The Center for Native Population Health Disparities is organized into an Administrative Core, a Training Core, and a Shared Resources Core, that includes both a Methods and Measurement Core and a Dissemination and Sustainability Core, and 5 Research Projects, Directorship ofthe Center will be shared by Dedra Buchwald, MD, Professor of Medicine and Director, Partnerships for Native Health, University of Washington, and Jeffrey Henderson (Cheyenne River Sioux), MD, MH, CEO of the non-profit, communitybased Black Hills Center for American Indian Health. Both investigators are nationally recognized for their research and leadership in areas directly relevant to all aspects of this RFA, as well as their ongoing efforts to understand and eliminate health disparities among American Indians and Alaska Native populations. Aligned with the "team science" approach of this application, the Administrative Core integrates the University's strength in methods, training, and administration with the equally formidable strengths of the Black Hills Center for American Indian Health in community-based participatory research, field work, recruitment, and outreach with diverse Native populations. The Administrative Core will provide direction and support, both day-to-day and long-term, to each of the 5 Research Projects and other Cores. Accordingly, the specific aims ofthe Administrative Core are to: 1) Support the logistical and field operations of each Research Project and Core;2) Stimulate, coordinate, and monitor activities across Research Projects and Cores;3) Supervise implementation of key strategic decisions;and 4) Facilitate program planning and review. The Administrative Core staff will support a broad range of logistical operations, such as scheduling, communication, expenditures, monitoring, and human resources, across all Projects and Cores. An Executive Committee will make key strategic decisions and engage in program planning and review. The latter are conducted in concert with the National Institutes of Health program staff, and our Community Action Board, which is composed of local "experts and stakeholders. Other key Administrative Core personnel at the University of Washington responsible for implementing the logistical tasks will be Janice Sabin, Ph.D., Department of Medical Education and Medical Bioinformatics;Kim Tran, B.A., Program Manager;and Michelle Xan, M.S., Senior Computer Specialist;and at the Black Hills Center for American Indian Health, Patricia Nez Henderson, MD, Vice President, and Sandra Albertson, BA, Director of Grants and Contracts, will assist Dr. Henderson.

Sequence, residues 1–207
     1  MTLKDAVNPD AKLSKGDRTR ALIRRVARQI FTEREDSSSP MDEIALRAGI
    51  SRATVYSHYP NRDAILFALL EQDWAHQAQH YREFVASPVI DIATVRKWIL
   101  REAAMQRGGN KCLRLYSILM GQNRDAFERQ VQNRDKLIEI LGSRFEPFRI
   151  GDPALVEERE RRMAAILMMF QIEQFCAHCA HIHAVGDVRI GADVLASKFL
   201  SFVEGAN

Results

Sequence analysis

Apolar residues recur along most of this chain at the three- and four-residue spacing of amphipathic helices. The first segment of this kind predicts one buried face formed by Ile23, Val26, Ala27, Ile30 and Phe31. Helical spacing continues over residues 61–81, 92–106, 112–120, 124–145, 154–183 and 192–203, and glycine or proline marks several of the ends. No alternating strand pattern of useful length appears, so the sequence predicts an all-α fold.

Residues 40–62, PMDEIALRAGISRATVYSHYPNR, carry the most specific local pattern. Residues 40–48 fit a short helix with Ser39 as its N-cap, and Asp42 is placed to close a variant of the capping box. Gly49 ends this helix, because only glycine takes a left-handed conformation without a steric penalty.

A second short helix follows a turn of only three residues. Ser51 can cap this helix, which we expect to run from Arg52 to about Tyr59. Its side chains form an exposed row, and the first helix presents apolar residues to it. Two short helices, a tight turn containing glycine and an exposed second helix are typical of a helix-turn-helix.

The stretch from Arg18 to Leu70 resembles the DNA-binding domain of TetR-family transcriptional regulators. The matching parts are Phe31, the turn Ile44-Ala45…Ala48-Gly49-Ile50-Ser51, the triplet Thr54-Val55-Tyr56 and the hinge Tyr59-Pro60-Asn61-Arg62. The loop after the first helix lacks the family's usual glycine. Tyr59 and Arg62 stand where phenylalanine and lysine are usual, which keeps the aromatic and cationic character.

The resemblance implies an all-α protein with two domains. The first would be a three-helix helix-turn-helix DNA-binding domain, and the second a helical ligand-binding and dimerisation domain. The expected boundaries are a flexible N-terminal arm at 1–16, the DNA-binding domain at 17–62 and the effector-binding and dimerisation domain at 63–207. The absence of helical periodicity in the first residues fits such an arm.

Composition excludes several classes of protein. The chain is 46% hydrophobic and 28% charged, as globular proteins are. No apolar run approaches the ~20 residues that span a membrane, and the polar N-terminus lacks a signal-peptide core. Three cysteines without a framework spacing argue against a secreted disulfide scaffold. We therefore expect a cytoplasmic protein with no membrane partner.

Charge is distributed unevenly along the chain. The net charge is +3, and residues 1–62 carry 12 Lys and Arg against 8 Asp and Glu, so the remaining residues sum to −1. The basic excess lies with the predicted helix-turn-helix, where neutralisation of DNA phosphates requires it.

Public Health Relevance

The challenges of working with Native communities are not trivial. Few institutions possess the infrastructure on which to build and sustain a program of research on Native health disparities. Stable, continuous, culturally attuned resources are necessary to successfully mount and sustain a program of research under these conditions, carrying it past the intermittent, unforeseen shortfalls in funding that often plague research projects. Our team has the commitment and resources to successfully carry out the work of this Center.

Agency
National Institute of Health (NIH)
Institute
National Cancer Institute (NCI)
Type
Specialized Center (P50)
Project #
5P50CA148110-05
Application #
8711327
Study Section
Special Emphasis Panel (ZCA1-SRLB-3)
Project Start
Project End
Budget Start
2014-05-01
Budget End
2015-04-30
Support Year
5
Fiscal Year
2014
Total Cost
$292,417
Indirect Cost
$28,878
Name
University of Washington
Department
Type
DUNS #
605799469
City
Seattle
State
WA
Country
United States
Zip Code
98195
Hoffman, Richard M; Li, Jun; Henderson, Jeffrey A et al. (2014) Prostate cancer deaths and incident cases among American Indian/Alaska Native men, 1999-2009. Am J Public Health 104 Suppl 3:S439-45
Javid, Sara H; Varghese, Thomas K; Morris, Arden M et al. (2014) Guideline-concordant cancer care and survival among American Indian/Alaskan Native patients. Cancer 120:2183-90
Veazie, Mark; Ayala, Carma; Schieb, Linda et al. (2014) Trends and disparities in heart disease mortality among American Indians/Alaska Natives, 1990-2009. Am J Public Health 104 Suppl 3:S359-67